Why more experience is required to fly the airliner above I assume 6096 meters? I would expect, taking off and flying close to terrain should need more experience.
I'm unaware of any regulation that requires a minimum number of hours to be a captain or first officer above FL200. That doesn't mean there aren't such, just that I don't know of them.
It's not that that taking off and flying close to terrain requires more or less experience, but that safely operating at high altitude typically involves a different set of knowledge and experience than operating at low altitude. A seasoned bush pilot who does only that would be ill equipped to suddenly become the captain of a 747 at 35,000 feet, just as the 747 captain who had never been a bush pilot would be ill equipped to scud run through a valley to land on a remote airstrip.
Part of the difference between two such pilots is, of course, a matter of a propeller airplane versus a jet, a slow airplane versus a fast, and the differing complexities of their aircraft. In addition to those differences, though, the environment that they typically operate in and indeed the altitude itself makes things different. The nature of the emergencies they can possibly face are also different.
Offhand I can think of three things the typical low altitude pilot doesn't have to contend with that the high altitude pilot does. There are certainly more.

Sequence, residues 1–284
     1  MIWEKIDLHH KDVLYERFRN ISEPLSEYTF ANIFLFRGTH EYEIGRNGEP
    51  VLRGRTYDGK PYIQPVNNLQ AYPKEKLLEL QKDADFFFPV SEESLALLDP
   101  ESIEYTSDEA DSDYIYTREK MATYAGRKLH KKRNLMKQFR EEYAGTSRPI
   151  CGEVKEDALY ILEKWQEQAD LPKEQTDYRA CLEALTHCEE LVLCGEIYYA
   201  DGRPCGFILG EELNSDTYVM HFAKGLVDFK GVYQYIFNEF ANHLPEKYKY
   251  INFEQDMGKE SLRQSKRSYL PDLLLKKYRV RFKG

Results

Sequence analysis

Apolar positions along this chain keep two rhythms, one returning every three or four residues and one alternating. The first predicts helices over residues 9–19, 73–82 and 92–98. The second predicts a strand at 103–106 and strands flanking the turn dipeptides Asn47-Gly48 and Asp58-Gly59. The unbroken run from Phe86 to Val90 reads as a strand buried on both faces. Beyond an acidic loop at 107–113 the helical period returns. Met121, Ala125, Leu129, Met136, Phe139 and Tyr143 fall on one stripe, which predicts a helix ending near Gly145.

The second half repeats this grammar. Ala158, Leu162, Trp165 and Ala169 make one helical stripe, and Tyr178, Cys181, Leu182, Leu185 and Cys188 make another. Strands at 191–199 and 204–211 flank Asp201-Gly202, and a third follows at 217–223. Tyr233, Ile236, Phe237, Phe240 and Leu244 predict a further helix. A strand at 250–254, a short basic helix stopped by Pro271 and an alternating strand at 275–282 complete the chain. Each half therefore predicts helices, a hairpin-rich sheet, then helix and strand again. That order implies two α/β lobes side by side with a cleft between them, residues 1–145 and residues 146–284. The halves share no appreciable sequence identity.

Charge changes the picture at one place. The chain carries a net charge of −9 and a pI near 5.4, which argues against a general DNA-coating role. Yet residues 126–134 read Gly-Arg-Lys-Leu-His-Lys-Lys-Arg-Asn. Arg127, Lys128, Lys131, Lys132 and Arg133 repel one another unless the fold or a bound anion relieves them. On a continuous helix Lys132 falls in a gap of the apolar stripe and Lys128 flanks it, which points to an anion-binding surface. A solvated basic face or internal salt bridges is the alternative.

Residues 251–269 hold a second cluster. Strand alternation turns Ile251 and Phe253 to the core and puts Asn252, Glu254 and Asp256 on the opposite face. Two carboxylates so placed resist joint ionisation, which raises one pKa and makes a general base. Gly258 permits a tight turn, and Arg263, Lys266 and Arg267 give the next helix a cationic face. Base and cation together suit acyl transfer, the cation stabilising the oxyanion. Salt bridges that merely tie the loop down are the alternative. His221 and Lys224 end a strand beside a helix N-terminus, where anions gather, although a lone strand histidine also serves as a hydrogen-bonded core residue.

Oxygen considerations, in other words what you need to do if you suddenly don't have it at a breathable pressure. Probably never going to happen, but the high altitude pilot trains for it.
Regular operation in or close to the coffin corner. If you're unfamiliar with the term, Wikipedia has a reasonable explanation as well as
A whole different situational awareness environment than the low altitude pilot. For example, I used to do a flight from Sao Paulo to Miami. Two other carriers had flights scheduled that went out immediately before us, also 747s. Everybody was always heavy, which meant the first guy out got the highest cruise altitude available for the weight we were all at approximately, the second guy 2,000 feet below that, and then us sucking fuel 4,000 feet lower than the first. However, I knew that if I could open up the distance between myself and the second guy, I could get a clearance through the second guy's altitude to the first guy's altitude since there was enough time/distance between us. So what I would do was to climb at best angle rather than best rate. Then, if the weather was good (i.e. no turbulence) and I had the engines for it, it took very little fuel burn before I would able to get 2,000 feet higher if I was willing to accept slightly lesser protection from the top of the coffin corner. Sometimes that would work out, sometimes not, but it always got us at least up to the first guy's altitude. And on rare occasions, it meant we reached Miami before either of the other two.